Tickets Now Available for National Geographic’s Real Pirates Exhibition at the
San Diego Natural History Museum
Blockbuster exhibition opens February 8 and showcases artifacts from the first fully authenticated pirate ship discovered in U.S. waters; bonus local components provided by UCSD, the Maritime Museum of San Diego, and local gem collector
Tickets are now on sale for the exhibition Real Pirates: The Untold Story of the Whydah from Slave Ship to Pirate Ship at the San Diego Natural History Museum.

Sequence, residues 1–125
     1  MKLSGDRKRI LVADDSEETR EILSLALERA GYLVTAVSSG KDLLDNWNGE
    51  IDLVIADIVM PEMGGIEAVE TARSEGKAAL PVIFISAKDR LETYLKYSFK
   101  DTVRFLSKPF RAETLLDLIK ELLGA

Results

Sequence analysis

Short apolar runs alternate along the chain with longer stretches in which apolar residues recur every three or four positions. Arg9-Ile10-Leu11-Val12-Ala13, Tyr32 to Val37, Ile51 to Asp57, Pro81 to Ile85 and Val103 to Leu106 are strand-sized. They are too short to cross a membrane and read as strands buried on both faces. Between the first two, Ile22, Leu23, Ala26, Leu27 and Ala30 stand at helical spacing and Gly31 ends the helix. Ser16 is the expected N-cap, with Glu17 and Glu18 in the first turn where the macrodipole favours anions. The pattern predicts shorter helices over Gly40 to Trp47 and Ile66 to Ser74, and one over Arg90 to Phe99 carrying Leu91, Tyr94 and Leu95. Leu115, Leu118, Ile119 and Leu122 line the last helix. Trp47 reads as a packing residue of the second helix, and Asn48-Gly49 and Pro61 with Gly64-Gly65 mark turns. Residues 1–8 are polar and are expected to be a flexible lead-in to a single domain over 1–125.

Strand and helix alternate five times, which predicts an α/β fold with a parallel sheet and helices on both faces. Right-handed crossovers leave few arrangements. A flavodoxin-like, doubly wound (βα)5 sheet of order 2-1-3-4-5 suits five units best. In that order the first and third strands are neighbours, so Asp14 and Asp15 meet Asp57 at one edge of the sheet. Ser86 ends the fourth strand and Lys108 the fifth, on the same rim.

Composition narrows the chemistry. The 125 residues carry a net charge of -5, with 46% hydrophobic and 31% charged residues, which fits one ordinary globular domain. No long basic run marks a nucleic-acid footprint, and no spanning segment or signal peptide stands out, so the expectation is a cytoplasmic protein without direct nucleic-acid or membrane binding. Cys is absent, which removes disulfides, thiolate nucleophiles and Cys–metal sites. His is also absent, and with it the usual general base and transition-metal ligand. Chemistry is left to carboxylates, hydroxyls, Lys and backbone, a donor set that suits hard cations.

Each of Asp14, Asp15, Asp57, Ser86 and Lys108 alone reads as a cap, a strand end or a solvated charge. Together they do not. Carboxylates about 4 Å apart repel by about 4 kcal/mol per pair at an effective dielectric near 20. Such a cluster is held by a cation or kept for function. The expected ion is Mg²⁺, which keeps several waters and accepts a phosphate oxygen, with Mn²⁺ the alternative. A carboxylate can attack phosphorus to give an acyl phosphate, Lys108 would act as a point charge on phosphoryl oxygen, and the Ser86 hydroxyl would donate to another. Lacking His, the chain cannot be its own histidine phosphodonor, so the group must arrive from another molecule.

A world first, this exhibition contains authentic pirate treasures and boasts more than 200 artifacts recovered from the first fully authenticated pirate ship ever discovered in U.S. waters. Organized by National Geographic and Premier Exhibitions, Inc., the traveling exhibition is scheduled to open February 8 at theNAT in Balboa Park. From the team behind Titanic: The Artifact Exhibition, recently at theNAT, this limited-engagement exhibition tells the story of the crew of the Whydah, a real pirate ship that was originally intended to be a slave ship. It also yields insight into the violence and idealism of early 18th century piracy. The exhibition will showcase treasure chests of gold coins, jewelry, cannons, pistols, knives, and a life-size replica of the ship’s stern that visitors can board. It also features real stories of the people who populated the Atlantic world in the age of slavery and piracy: artisans and traders from West Africa; slave ship captains and their captives; Native American boat pilots; impoverished sailors from all over Europe; and pirates—including women and children. The exhibition provides visitors with an unprecedented glimpse into the unique economic, political, and social circumstances of the early 18th century Caribbean. It is highlighted by the compelling stories of the diverse people whose lives converged on the vessel before it sank in a fierce storm on April 26, 1717.